What if the Easter rising of 1916 had succeeded? What if James Connolly had established a united, socialist Ireland that eventually became a major European power?
On April 24 1916 hundreds of Irish citizens army rebels stormed Leinster house (instead of the general post office in OTL) taking The Lord lieutenant hostage and threatening to kill British colonial figures in Dublin unless Britain recognised Ireland's independence. After a hasty and heated meeting with his cabinet British PM David Lloyd George officially recognised the Socialist Republic of Ireland on April 27th and ordered the withdrawal of all British troops in Ireland. The last of which left Belfast on May 30th 1916 marking the start of a new era for the island of Ireland.....
Birth of a nation
With James Connolly at the helm as Chairman of the Irish workers party Ireland's economy began to boom with Factories being built in the major cities of Dublin, Belfast, Limerick and Galway attracting workers from all over Europe, between 1920 and 1929 50,000 Irish Americans returned to a more free, prosperous Ireland then the one they left behind. However in 1929, the financial crisis in America spread to Europe and deeply affecting the republic.
Irish civil War
On January 28th 1931 Chairman Connolly was assassinated outside his residence in Phoenix Park by a bomb planted by members of Ailtiri na hAiseirghe (the architects of the resurrection) a Fasicst paramilitary group led by Former Army officer Oliver j Flanagan who proceeded to seize Dublin and declare the National Democratic socialist Republic of Ireland. However, not all members of the Irish workers party were killed by Flanagan's purge and minister of police Brian O'Higgins fled to Killarney, the old Capitol of confederate ireland to establish a rump government to resist Flanagan's regime, for the rest of 1931 Flanagan's national army made huge advances into ulster and rural counties until both army's met at Mullingar in February 1932 where for three weeks the Irish citizen army and the national army fought in a bitter siege that destroyed Mullingar and killed 55,000 before the Irish national army retreated to its defensive line in county Kildare while the Irish citizen army launched a co-ordinated offensive to capture Belfast and the rest of Ulster and surround Ailtiri na hAiseirghe in Dublin. By the end of 1932 Dublin was surrounded and the national army was cut off from supplies given to them by Mussolini, a bitter battle ensured with the vastly outnumbered National army fought the Irish citizen army until March 10th 1933 when Irish citizen army troops captured Dublin castle, killed Flanagan and raised the starry plow over the historic castle, ending the war.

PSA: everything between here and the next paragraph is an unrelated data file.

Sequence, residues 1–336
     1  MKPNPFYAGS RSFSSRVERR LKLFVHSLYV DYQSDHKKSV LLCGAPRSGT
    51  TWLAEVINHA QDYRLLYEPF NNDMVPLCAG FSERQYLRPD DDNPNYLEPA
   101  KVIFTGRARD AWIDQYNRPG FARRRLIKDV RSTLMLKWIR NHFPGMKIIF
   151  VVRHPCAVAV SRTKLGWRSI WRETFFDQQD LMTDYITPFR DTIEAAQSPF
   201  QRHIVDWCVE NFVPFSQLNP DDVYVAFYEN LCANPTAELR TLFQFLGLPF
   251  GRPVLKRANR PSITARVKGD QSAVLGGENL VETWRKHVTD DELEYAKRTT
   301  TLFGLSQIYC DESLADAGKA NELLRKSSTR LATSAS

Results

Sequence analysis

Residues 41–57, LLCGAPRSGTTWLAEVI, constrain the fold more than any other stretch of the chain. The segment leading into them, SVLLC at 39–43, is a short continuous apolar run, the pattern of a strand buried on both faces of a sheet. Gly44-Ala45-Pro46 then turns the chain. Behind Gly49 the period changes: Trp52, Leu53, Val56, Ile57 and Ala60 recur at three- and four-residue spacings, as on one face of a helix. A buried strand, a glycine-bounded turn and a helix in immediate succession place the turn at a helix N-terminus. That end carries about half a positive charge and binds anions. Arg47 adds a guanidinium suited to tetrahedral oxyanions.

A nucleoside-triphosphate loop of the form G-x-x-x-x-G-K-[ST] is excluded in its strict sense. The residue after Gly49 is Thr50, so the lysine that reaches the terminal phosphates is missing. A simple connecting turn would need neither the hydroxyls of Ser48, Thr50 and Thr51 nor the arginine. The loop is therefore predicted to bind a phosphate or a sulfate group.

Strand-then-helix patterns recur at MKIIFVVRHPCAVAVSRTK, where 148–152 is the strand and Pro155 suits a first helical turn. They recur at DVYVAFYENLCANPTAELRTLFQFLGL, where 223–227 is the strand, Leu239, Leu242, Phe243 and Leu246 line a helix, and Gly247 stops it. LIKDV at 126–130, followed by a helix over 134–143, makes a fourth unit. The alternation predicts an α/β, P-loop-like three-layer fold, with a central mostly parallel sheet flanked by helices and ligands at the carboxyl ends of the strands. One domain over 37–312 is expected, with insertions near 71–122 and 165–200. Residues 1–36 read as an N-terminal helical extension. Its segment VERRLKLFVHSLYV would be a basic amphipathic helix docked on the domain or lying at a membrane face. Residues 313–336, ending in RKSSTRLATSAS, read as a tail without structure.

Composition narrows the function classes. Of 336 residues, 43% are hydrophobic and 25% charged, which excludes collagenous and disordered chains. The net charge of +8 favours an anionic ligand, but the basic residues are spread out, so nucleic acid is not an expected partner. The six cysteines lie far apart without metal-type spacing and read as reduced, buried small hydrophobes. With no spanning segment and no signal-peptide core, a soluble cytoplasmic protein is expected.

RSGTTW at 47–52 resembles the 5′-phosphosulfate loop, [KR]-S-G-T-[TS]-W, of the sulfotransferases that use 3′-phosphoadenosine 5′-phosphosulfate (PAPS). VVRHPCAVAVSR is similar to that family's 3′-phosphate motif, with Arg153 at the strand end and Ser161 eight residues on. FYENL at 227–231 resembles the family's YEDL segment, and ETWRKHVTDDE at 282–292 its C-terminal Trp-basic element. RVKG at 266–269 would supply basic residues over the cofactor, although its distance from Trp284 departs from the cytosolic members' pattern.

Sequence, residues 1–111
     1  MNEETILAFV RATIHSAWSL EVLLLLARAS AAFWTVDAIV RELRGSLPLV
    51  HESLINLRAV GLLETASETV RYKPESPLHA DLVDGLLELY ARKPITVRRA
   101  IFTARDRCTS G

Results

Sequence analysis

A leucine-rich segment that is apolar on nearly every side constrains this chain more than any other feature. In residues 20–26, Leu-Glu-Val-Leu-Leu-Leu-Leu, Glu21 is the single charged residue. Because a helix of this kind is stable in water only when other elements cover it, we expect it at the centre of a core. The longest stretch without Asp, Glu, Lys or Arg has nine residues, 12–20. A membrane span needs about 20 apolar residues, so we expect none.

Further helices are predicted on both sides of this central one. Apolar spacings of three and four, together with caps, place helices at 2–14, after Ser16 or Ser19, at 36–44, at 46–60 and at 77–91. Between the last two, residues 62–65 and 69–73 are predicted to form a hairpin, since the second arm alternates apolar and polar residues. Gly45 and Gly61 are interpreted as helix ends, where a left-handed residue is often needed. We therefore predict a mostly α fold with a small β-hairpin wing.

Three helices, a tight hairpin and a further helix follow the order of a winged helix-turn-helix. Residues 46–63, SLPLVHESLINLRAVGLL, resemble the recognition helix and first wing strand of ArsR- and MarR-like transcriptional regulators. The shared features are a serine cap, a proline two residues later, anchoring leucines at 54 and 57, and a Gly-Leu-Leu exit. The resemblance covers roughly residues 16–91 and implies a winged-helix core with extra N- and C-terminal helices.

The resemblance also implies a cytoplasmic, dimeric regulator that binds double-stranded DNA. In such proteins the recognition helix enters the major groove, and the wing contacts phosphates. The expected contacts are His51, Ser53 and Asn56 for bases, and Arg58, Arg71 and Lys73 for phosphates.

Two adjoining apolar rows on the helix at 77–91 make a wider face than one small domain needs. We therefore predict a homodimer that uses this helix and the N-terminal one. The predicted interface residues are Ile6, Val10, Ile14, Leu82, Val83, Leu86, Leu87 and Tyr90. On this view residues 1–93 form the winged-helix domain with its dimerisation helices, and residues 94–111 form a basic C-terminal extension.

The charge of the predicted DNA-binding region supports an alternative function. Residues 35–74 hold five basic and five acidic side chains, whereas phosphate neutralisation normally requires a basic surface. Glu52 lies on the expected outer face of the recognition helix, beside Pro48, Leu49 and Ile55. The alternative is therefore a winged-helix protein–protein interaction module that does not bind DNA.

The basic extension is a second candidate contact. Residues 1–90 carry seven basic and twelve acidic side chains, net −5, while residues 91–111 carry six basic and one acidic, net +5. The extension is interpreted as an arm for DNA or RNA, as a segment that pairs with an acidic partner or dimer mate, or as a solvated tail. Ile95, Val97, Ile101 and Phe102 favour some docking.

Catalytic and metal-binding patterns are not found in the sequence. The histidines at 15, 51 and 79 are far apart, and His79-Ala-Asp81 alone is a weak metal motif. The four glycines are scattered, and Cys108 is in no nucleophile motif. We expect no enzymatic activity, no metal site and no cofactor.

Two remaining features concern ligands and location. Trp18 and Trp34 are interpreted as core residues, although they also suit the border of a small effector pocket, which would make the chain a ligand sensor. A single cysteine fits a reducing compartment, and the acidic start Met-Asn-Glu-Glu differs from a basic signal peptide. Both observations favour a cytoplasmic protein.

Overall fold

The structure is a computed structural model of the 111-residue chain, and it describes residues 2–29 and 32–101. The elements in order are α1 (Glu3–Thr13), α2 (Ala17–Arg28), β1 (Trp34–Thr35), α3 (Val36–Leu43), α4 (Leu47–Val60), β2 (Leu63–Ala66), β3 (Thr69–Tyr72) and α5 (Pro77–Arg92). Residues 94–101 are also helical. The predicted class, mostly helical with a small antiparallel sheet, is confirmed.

The Roaring Forties and the emergency.
After the war chairman O'Higgins began a ambitious reconstruction plan with collective farms and factory's churning out products that were exported to Europe and, by 1940, the economy had recovered from the war. When World War 2 began in 1939 the Irish government, not wanting to get into another war so soon after the civil war, declared neutrality but allowed British and later the American warships to pass through Irish waters. During this period a draft was imposed and defensive lines set up on the south coast against any German invasion. When peace broke out in 1945 Chairman O'Higgins celebrated V-E day in Moscow with his longtime ally Joseph Stalin.
As the Cold War began in Europe and knowledge of Stalin's abuses of human rights O'Higgins began to distance his country from the Soviet Union but he had already lost the trust of American and British governments and in 1950 he retired from the chairmanship of the Irish workers party and Foreign Affairs Minister William Norton took over and immediately began reforms (such as freedom of religion, universal free healthcare and experimenting with capitalism) that made relations with the western nations improve and, when Norton died in 1965 a state funeral at st Mary's pro cathedral in Dublin was attended by US President Lyndon B Johnston and British Queen Elizabeth II.
Ulster insurgency and reform era
At the party congress in 1966 Tomas Mac Giolla was elected party chairman, Mac Giolla was an unpopular leader whose crackdown on Protestants in Ulster led to an insurgency. In 1979 Mac Giolla was shot by a sniper during a speech in Belfast and many people feared another civil war. However, law and order survived and in 1980 Vice Chairman Sean Garland was elected who unveiled plans for massive scale judicial and governmental reforms. In 1985 a new constitution was unveiled with the office of president of the republic established to be the title of the head of state who would be elected by the party every five years and taisoeach the title of head of state. Garland was appointed president and appointed long serving party member Prosnias de Rossa as taisoeach. Garland served as president until 1991 when he resigned in favour of his Vice President Dick spring, a populist who embraced capitalism and led Ireland into a economic boom.
During the economic boom lasting from 1993 to 2008 Ireland's GDP tripled and tourism became a multi-billion punt industry with millions of tourists from Europe, Australia and the United States visiting Ireland. In 2001 president spring was term limited out of office and army general Gerry Adams was elected president and Premier de Rossa was defeated in a caucus room coup by Environment Minister Trevor Sargent who worked to expand the agriculture industry and making Ireland an environmentalist Mecca. President Adams meanwhile was unpopular for his decision to send 6000 Irish troops to Iraq and in 2006 was ousted by a no confidence vote and replaced by Social welfare minister Joan Burton who became the first female president of the republic.